Ryan Kavanaugh is counting down to the third Triller Fight Club event, which takes place June 19 in Miami, headlined by Teofimo Lopez’s return against George Kambosos Jr.
Triller seems to not go a week without making a bold move, and on Tuesday they dropped a doozy, announcing they’d signed ex-HBO blow-by-blow man Jim Lampley to a multi-year deal. That sent a message that Triller will indeed be staying a while at the boxing party, and also that they are intent on satisfying purist fight fans.
On the “Friday At the Fights with Randy Gordon and Gerry Cooney” on SiriusXM, Kavanaugh said he sees the deal with Lampley — considered by many the gold standard in his field — as a home run. The executive had heard that it might be difficult to get the veteran on board, but Lampley told Kavanaugh he digs the Triller style, so there wasn’t a prolonged negotiation period.
Kavanaugh was asked about the shift of the date from June 5 to June 19, and said that originally they weren’t planning on having a live audience for the show, but when it became apparent that COVID was being tamped down enough to allow for a large audience to attend, thinking changed. Giving Triller more time to get butts into seats in Miami for Lopez-Kambosos was a no-brainer, he stated.
“What we’re trying to accomplish is to take the art of boxing, and the purity and the skill of boxing, and surround it with entertainment and a show that appeals to more than just the boxing purists,” he said. Whereas previously, Triller skewed toward an audience that was young, hip, and irreverent; this time, Kavanaugh is hoping that the younger crew will come back and fall more in love with the product, because they’ll be wowed by Lopez.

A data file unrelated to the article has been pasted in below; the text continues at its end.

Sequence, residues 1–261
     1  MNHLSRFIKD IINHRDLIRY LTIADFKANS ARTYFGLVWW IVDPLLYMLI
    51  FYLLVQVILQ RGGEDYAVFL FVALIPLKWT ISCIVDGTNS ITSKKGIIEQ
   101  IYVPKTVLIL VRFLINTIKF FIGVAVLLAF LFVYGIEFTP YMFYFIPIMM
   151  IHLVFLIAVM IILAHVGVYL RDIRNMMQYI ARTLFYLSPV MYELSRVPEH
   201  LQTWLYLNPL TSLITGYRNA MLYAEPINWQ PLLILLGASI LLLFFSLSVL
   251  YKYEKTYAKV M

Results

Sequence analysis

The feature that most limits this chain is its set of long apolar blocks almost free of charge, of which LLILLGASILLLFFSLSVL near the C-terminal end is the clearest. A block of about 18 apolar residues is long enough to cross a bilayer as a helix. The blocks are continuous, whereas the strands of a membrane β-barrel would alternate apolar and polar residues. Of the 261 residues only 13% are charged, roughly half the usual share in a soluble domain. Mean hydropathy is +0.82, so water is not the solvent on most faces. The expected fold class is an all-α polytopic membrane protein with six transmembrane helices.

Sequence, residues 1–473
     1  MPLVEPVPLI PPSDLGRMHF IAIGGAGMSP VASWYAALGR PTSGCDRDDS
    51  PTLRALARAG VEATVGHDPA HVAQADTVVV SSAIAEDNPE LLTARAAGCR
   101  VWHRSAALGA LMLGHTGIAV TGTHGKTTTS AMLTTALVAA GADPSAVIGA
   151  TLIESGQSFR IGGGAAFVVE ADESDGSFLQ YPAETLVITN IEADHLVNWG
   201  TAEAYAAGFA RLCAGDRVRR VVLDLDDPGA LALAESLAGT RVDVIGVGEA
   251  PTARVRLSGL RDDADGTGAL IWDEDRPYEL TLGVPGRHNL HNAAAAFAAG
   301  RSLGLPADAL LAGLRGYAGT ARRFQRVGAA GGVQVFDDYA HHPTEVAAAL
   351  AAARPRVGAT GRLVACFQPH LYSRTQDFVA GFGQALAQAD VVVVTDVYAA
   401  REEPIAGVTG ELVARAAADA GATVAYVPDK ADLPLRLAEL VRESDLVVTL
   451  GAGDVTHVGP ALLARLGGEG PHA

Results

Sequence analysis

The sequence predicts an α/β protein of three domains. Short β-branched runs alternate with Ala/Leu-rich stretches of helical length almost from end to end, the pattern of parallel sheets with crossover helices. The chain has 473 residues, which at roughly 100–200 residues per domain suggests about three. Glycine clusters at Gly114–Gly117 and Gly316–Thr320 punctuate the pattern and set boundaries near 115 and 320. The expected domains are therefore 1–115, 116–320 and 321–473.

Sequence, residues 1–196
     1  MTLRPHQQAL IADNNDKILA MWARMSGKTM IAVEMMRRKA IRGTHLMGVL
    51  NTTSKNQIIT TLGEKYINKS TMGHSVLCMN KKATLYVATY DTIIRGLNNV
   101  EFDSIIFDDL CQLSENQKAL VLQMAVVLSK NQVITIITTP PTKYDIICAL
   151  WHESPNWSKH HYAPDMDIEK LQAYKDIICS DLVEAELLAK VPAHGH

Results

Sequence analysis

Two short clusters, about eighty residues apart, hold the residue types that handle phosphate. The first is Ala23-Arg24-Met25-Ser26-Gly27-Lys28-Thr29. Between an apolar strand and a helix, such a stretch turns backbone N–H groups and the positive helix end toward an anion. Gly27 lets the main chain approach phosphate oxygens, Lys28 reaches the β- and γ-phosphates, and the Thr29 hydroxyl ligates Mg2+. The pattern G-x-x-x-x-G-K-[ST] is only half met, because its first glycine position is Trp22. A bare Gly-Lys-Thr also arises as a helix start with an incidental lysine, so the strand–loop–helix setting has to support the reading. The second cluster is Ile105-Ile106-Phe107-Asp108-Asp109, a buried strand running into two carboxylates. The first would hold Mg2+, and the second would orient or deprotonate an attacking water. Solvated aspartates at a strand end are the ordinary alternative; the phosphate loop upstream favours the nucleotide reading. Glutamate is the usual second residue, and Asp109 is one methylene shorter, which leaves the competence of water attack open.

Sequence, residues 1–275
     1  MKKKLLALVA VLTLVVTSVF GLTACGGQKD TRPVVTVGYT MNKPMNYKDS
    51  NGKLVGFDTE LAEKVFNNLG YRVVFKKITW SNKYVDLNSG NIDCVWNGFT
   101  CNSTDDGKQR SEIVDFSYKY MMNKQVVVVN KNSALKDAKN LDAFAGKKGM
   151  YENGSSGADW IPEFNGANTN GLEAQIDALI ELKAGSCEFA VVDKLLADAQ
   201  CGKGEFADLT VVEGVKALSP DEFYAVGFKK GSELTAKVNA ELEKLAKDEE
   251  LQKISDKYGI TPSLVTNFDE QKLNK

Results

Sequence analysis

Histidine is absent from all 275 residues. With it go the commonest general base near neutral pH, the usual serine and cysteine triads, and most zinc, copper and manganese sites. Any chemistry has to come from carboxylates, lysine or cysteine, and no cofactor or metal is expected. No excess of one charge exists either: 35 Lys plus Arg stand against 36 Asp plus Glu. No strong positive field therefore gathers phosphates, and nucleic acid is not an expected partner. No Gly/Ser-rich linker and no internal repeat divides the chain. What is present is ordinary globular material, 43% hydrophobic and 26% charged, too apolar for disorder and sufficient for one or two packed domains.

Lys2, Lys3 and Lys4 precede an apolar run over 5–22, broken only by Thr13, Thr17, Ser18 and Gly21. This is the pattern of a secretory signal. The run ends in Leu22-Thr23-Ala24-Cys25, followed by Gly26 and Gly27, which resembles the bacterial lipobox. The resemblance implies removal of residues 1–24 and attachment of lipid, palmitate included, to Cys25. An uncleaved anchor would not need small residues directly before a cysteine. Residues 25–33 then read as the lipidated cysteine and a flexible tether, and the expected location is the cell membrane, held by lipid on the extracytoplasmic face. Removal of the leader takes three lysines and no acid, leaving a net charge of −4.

Kavanaugh was asked about Showtime signing Jake Paul, as well.
“It’s flattering,” he said. “But what I find ironic — and I love those guys, and obviously they’re super successful — but they were the ones that were most vocally shitting on us.”
Kavanaugh said Showtime “paid more than twice as much as what we would have paid and they’re allowing him to do a fight that we said no to.” The fight he refers to pits Jake Paul against Tyron Woodley, who had been a UFC champion before going on a losing streak.
Kavanaugh also took aim at UFC boss Dana White, who is blocking Georges St-Pierre from fighting Oscar De La Hoya on a Triller event.
“Out of respect, we all went to Dana to ask for approval and he said no. I called him, I texted him, and I said, ‘Let’s talk, maybe we can do something that’s beneficial to both parties,’ and you guys heard in the press conference he didn’t return my calls or my texts and kind of shits on us.”
He offered to put up a million bucks for a charity of Dana’s choice, he explained, but hasn’t gotten a yes from White.
“The good news is Oscar wants it more than anything, he’s training very hard for the fight we’re going to have in September. GSP doesn’t stop training, he wants it. I hope that Dana will (ask himself), ‘Why am I blocking this? What’s the point?’ It’s not good for him, not good for the concept of fighting, for any of us, because it makes it seem like fighters are almost locked into slave contracts of some sort, and they’re not.
“I just don’t understand the effect. Let’s go have some fun, help market the UFC, put some money in a charity’s pocket and give these guys both some money and watch a fight the world would love to see.”